Friday Five: 5 Presidents Who Doubled as Outdoor Athletes

In honor of President’s Day on Feb. 18, we thought we would take a look at a lesser-known side of the presidency. We recognize the names of our 44 presidents and maybe some of their actions in office, but few know any for their athletic abilities. By now, most of us know of Barack Obama’s love of basketball, and the Bush family’s love of baseball, but what about our favorite outdoor sports? Here’s a look at five presidents who took the time to get out of the Oval Office in the spirit of physical fitness.

1. Abraham Lincoln

His wrestling exploits are well-known, but some claim that Lincoln was one of the first multisport athletes in United States history. Legend has it that in 1831, Honest Abe accepted the challenge of a multisport event of running, wrestling, and fighting. In true Lincoln fashion, he defeated all three of his opponents. This story has now become the inspiration for a triathlon series in central Illinois, where athletes traverse the area that Lincoln called home.

2. Teddy Roosevelt

When he wasn’t busting trusts or flexing his political muscles worldwide, Roosevelt was an outdoorsman. He was a renowned hunter, a top boxer, an avid fisherman, an expert on a horse, and so much more. TR was known to also go for an occasional evening swim in Washington’s Rock Creek… naked. Roosevelt’s policies also created the U.S. Forest Service, part of his focus on natural conservation. His athletic abilities and love for the outdoors was unprecedented at the time, and has gone unmatched since.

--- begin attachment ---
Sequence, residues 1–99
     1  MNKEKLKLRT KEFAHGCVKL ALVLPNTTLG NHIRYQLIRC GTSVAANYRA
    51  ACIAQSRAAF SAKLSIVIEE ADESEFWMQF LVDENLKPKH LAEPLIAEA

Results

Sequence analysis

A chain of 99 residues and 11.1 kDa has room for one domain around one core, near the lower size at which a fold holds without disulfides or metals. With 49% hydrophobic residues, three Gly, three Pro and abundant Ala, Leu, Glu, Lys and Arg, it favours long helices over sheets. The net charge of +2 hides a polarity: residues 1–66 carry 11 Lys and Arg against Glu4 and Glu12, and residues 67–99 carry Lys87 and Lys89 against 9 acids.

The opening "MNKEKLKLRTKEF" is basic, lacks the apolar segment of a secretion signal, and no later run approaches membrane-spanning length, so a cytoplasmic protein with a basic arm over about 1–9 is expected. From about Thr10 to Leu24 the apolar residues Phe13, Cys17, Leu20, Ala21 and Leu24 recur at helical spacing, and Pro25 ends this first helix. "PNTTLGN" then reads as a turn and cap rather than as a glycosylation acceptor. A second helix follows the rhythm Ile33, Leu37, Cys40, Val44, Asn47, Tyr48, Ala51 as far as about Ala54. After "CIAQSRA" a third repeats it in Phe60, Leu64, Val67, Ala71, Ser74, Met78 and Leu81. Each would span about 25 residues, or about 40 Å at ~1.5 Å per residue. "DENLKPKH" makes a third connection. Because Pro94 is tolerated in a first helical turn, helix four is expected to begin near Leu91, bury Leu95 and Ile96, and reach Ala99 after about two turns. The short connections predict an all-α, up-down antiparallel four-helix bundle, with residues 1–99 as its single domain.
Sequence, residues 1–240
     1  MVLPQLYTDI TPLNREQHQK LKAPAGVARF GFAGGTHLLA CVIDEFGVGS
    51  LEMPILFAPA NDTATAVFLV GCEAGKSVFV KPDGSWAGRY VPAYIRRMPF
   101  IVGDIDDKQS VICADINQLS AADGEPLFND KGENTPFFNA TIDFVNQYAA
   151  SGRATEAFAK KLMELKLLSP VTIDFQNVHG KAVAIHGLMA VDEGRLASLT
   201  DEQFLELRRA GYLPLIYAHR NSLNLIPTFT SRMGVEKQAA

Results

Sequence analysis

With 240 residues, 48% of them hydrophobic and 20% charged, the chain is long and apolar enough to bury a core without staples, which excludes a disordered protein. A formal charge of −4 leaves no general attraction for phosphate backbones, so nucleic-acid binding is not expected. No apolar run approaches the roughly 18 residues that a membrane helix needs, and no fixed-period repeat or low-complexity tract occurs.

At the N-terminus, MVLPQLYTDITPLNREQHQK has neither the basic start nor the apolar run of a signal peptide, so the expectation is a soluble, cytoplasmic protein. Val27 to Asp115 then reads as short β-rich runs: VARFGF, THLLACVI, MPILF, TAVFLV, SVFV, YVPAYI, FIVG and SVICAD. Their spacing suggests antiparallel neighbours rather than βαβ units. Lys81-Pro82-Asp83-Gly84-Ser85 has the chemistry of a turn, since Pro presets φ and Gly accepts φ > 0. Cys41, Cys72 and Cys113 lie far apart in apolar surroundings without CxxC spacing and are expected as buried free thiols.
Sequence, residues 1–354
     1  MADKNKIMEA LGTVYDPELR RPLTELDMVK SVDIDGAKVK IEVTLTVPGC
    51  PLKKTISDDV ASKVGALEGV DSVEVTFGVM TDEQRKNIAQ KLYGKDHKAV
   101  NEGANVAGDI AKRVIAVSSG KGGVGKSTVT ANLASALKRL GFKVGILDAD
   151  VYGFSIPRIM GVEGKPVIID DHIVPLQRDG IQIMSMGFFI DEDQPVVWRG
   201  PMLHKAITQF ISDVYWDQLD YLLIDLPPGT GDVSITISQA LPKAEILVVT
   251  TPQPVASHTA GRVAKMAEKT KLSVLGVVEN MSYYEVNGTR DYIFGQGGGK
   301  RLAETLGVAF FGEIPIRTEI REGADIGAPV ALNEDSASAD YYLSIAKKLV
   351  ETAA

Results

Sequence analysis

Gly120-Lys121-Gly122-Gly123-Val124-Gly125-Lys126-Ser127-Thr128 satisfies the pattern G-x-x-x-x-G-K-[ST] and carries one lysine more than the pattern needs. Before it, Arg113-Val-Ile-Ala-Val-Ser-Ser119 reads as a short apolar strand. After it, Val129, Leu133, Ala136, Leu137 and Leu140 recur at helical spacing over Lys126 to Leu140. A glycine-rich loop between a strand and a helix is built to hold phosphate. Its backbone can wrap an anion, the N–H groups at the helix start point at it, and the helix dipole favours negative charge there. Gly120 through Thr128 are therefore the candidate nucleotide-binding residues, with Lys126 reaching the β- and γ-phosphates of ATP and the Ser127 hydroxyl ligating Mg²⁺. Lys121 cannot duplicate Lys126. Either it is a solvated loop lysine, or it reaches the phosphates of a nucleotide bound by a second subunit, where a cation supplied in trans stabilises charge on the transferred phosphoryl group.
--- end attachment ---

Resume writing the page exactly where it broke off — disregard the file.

3. Gerald Ford

Most Michiganders probably know about Ford’s success as a member of the University of Michigan football teams in the 1930s. But as president, Ford made it a daily ritual of his to stay active and involve himself in outdoor sports. Ford swam daily in office, and following a 1968 vacation to the Rocky Mountains, became a promotor for world-class alpine skiing in Colorado. He skied regularly, served on the board of the Vail Valley Foundation, and was inducted into the Colorado Ski & Snowboard Hall of Fame.

4. Jimmy Carter

In office, Carter stressed the importance of the environment, and passed numerous pieces of legislature that protected and preserved American soil. So it was only fitting that Carter enjoyed his time outdoors. While at the Naval Academy, Carter ran cross-country for one of the Navy’s finest teams. At point in the season, the future president ran a close-to 2-mile course in just 10:33. Carter was frequently been spotted on his bike during his presidency, and can still be seen riding around his hometown of Plains, Ga.

5. George W. Bush

As stated earlier, the Bush family has a special love for baseball. George H.W. Bush excelled as the first baseman of Yale’s team, and that love was passed down to his son, who at one point co-owned the Texas Rangers. But Bush is also a runner–he is the only Commander-in-Chief to complete a marathon (though he wasn’t at the time), running the 1993 Houston Marathon in 3:44:52. Bush still runs recreationally, enjoys biking, and has even bench-pressed 185 five times, which is more than NBA star Kevin Durant could do before entering the league in 2007.

Regardless of political affiliation, these five presidents can make outdoor athletes proud. One non-presidential honorable mention to get in there: Paul Ryan’s time of a “2-hour and 50-something” marathon.

Happy Friday!

Featured image photo courtesy of National Archives/Getty Images

 

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